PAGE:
I guess most of us expect the items with Leica’s logo to be expensive. But this “fake Leica” that doesn’t even take photos will surprise you with its price tag. It’s a stainless steel sculpture, a mash-up of several Leica models. It’s made by Chinese artist Liao Yibai and reaches whopping $99,995.
Artist Matthew Mohr has created an interesting and unique piece of art. His project titled As We Are features a 14-foot 3D interactive human head. It was assembled from a skeleton covered with ribbons of LED screens. In its neck, there’s a photo booth where the visitors can capture 3D photos of themselves. Once they do it, the giant head displays their face, turning them into a statue.
Since the interactive head combines technology, interaction, and art, it’s also called “the ultimate selfie machine.” However, its purpose is more than just taking a selfie. It serves to amuse people, but also to evoke some discussions and consider how the idea of self-representation has evolved.
Photography at it’s core is an art form.
As photographers, we sometimes get so caught up with the aesthetic or technical challenges of creating pretty pictures that we forget that art is supposed to challenge us intellectually, to help us see things in different ways, to inspire debate.
“Nothing To See” is an artistic statement on the current state of politics in America – a protest of sorts, but also an invitation to action…
I find calligraphy wonderful, and it remains something I’d like to learn. So naturally, I was enchanted by the combination of calligraphy and photography. Mexican artists Said Dokins and Leonardo (Leo) Luna combine calligraphy and light painting.
Their project is named Heliographies of Memory, and they use calligraphic movements along with lights and long exposure photography. As a result, they create amazing “calligrafitti” at the iconic sites. They are only visible after the photographic process, and invisible to the naked eye while the process lasts.
If you’re looking for inspiration, knowledge, or want to trace the history of photography, here’s something for you. Europeana Collections’ impressive digital gallery features 2.2 million images, covering the first 100 years of photography. Among the featured names, there are Man Ray, Julia Margaret Cameron, Eadweard Muybridge and Nicola Perscheid, to name a few. The photographs come from 34 countries, and many of them are free for the visitors to download and use.
The Guggenheim Museum has a real treat for all art lovers and book worms. They have released an online library containing over 200 art books, both modern and historic. You can find the works about the art and artists from various fields, and of course – this includes some photography books as well.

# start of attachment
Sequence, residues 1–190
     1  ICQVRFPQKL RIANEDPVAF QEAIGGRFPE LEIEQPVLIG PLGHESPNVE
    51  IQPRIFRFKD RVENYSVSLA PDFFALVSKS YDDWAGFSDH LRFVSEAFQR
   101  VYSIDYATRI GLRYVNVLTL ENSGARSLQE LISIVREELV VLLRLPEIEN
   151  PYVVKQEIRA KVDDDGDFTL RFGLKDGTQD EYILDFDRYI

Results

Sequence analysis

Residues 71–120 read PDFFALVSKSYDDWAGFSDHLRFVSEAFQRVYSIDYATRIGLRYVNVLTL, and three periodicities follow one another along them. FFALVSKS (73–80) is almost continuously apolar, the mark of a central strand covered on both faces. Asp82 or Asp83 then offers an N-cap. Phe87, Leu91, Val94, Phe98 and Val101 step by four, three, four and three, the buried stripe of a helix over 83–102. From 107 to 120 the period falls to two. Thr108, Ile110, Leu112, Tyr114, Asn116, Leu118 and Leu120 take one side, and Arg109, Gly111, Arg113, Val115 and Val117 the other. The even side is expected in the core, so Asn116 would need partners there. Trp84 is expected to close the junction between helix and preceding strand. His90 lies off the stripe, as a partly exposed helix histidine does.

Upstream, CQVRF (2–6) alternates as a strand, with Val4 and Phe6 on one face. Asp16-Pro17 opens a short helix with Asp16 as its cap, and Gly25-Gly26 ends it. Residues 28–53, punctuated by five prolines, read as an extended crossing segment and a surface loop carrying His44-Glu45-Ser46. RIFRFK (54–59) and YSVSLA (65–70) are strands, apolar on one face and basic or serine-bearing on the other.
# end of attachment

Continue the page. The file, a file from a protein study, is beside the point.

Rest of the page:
Where do you get your inspiration? Do you feel like you’ve hit the wall with your photography from time to time?
There’s no doubt that photography is a pretty specific form of art. It focuses on the existing moments and scenes, and it’s up to us to interpret and capture them. Each of us has our own vision and use different methods to do it. While it’s certainly great that photography is specific and different from other visual arts, it can sometimes be a problem, too.
Photographers tend to be isolated in the world familiar to them. We mainly get inspired by other photographer’s work. And although it’s very versatile – it’s not limitless. This is one of the reasons we can get stuck in a rut. Because of this, photographer Ted Forbes created a fantastic, inspirational video to encourage you to seek inspiration beyond photography.
Photographers are found in abundance. Exceptional ones, though are extremely rare. Even in the most respected organizations, few can captivate the viewer by evoking wonder, curiosity, and inspiration. Only a handful of highly evolved photographers can capture imagery with the potency and emotion that wins Pulitzers.
I’m constantly tuning my receptivity to human emotion. My excitement for photography is deeply rooted in desire to be emotionally captivated. Many photographers employ plenty of hacks and are able to cobble together striking imagery. Only a precious few, however, know how to set pictures on fire and make meaning resonate.
It’s understandable that the great unwashed masses of the larger population might not appreciate contemporary art. But you’d think that photographers, who are creatives in their own right, would appreciate the art and creativity of others in all of its various forms. What I’ve seen instead is that, when it comes to much contemporary art, most (but not all!) photographers tend to dismiss the work outright. Instead of being more open to contemporary artwork than nonartists, photographers actually tend to be more dismissive.
I will probably get a bunch of hate for this post but whatever. Hopefully, my message will help some of you. I realise this website is filled with enthusiasts, professionals, camera geeks, etc… but this post is pointed more at people that want to make it as a portrait or fashion photographer.
I’m a photographer that lives off photography shooting a campaign every few months and I just wanted to share some advice that I wish someone had told me years back.
I’ve met a lot of photographers in my time and they always break down into two categories. The ones that are artists and the ones that obsess over camera gear.